Washington, DC: GPO, 1986. First Printing. 21 cm, 197, wraps, illus., some wear and soiling to covers.
New York: Van Nostrand Reinhold, c1983. First Printing. 24 cm, 323, illus., minor damp damage at bottom, remainder mark at bottom edge. Foreword by John J. McCloy.
Tokyo: Miraisha, 1969. 596, v.1 only of a 3-vol. set, illus., fold-out map, chronology, notes, ink name & date & raised stamp inside front flyleaf.
McLean, VA: The Potomac Foundation, 1999. Second Edition [stated]. Presumed first printing thus. Trade paperback. , 83,  pages. Footnotes. Illustrations. Appendix (Chronology of the Cold War, 1981-1985). Norman Alishan Bailey is President of the Institute for Global Economic Growth, an international economic consultant, and a former US government official. He is an adjunct professor at the Institute of World Politics and teaches a course on "Economics for Foreign Policy Makers. Bailey served as Senior Director of International Economic Affairs for the United States National Security Council (NSC) between 1981 and 1983. During his employment at the NSC, Bailey, whose specialty was monitoring terrorism by tracking finances.
Mt. Airy, MD: Lomond, 1987. First? Edition. First? Printing. 24 cm, 142, illus., footnotes, some wear and soiling to DJ.
Fallbrook, CA: Aero Publishers, c1983. First? Edition. First? Printing. 22 cm, 154, wraps, illus. (some in color). Published by an organization affiliated with Lyndon LaRouche.
Boston, MA: Little, Brown, and Company, 1922. First Edition. 457, frontis illus., index, weakness to front board, small stains to a few pages, boards scuffed, spine worn & small tears.
Place_Pub: New York: G. P. Putnam's Sons, 1945. Fifth Printing. 23 cm, 337, illus., index, boards somewhat worn and soiled, parts of DJ cut off and taped inside front board & endpaper.
Place_Pub: New York: G. P. Putnam's Sons, 1945. Second Printing. 23 cm, 337, illus., index, text somewhat darkened, some darkening inside boards & flyleaves, DJ worn & soiled: edge tears/chips.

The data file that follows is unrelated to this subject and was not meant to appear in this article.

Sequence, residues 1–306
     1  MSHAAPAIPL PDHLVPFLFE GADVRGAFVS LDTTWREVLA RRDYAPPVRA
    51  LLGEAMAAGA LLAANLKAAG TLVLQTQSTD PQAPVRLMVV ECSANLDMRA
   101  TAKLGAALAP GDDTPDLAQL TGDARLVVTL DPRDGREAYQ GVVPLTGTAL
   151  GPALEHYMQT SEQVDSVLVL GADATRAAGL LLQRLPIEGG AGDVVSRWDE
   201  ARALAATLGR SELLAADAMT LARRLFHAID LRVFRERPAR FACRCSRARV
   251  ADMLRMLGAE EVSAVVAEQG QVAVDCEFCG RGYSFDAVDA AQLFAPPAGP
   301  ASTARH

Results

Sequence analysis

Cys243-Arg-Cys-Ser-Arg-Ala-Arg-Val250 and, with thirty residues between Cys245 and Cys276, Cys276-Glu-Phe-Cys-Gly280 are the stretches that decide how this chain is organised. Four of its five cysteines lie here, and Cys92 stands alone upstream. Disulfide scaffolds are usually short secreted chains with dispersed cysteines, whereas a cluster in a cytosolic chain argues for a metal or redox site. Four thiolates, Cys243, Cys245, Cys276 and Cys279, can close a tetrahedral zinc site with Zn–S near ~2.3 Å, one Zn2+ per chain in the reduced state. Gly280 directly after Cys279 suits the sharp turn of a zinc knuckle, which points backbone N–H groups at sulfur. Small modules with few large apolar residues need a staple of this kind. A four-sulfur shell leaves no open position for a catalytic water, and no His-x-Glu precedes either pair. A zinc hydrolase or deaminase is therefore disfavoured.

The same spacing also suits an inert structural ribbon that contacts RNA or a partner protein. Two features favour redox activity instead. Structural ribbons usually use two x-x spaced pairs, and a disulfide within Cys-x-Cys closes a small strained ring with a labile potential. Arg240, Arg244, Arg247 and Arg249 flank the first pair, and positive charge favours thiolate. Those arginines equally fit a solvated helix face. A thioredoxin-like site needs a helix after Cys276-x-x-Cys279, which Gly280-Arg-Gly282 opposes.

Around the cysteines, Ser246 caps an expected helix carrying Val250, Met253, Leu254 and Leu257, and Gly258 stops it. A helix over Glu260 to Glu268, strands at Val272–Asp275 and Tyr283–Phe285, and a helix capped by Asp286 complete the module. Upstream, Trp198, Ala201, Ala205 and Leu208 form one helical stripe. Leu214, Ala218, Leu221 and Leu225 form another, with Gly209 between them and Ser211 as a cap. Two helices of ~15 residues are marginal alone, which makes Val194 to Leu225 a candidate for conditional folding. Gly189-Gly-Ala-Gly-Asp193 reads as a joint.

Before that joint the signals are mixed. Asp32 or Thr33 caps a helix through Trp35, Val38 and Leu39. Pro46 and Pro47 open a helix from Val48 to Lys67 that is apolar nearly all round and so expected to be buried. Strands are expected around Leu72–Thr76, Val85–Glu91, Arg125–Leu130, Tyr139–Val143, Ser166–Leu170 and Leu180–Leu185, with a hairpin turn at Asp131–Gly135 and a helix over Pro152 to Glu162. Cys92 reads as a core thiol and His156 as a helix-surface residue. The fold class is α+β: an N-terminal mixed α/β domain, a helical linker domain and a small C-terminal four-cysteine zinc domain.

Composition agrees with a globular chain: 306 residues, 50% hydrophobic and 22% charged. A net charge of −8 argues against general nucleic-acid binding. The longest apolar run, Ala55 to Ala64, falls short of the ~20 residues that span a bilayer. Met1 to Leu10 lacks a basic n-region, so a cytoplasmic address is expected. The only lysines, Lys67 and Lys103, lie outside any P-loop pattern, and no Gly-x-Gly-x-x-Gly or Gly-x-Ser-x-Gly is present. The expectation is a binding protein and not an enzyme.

New York: Atheneum, 1969. First Edition. 202, references, index, lib stamps, rough spot ins rear flylf, DJ in plastic sleeve, rear DJ soiled, lib sticker on spine "A taxpayer's guide to national security."
New York: Atheneum, 1969. First Edition. 21 cm, 201, index, front DJ flap price clipped, small tears to DJ, some wear and soiling to DJ.
New York: Atheneum, 1969. First Edition [stated], presumed first printing. Hardcover. 21 cm. , 201,  pages. References. Index. DJ has some wear, soiling, tears and chips. Inscribed by the author on fep. Richard Jackson Barnet (May 7, 1929 – December 23, 2004) was an American scholar-activist who co-founded the Institute for Policy Studies. After publishing his first book, Who Wants Disarmament? (1960), a study of U.S.-Soviet disarmament negotiations, Barnet joined the State Department in 1961 as an aide to John J. McCloy in the U.S. Arms Control and Disarmament Agency. Barnet left government service in 1963 to co-found, with Marcus Raskin, the Institute for Policy Studies (IPS). He served as its co-director until 1978, and remained active at the institute he had helped create until his retirement in 1998. IPS was the first influential politically activist think tank according to Sidney Blumenthal, who said that the structure of IPS served as a model for the ideologically antagonistic Heritage Foundation.
New York: Random House, 1965. First Printing. Hardcover. 243 pages. Notes, index, DJ somewhat soiled: small tears, edges worn, larger tear & crease fr DJ. Presentation copy signed by authors.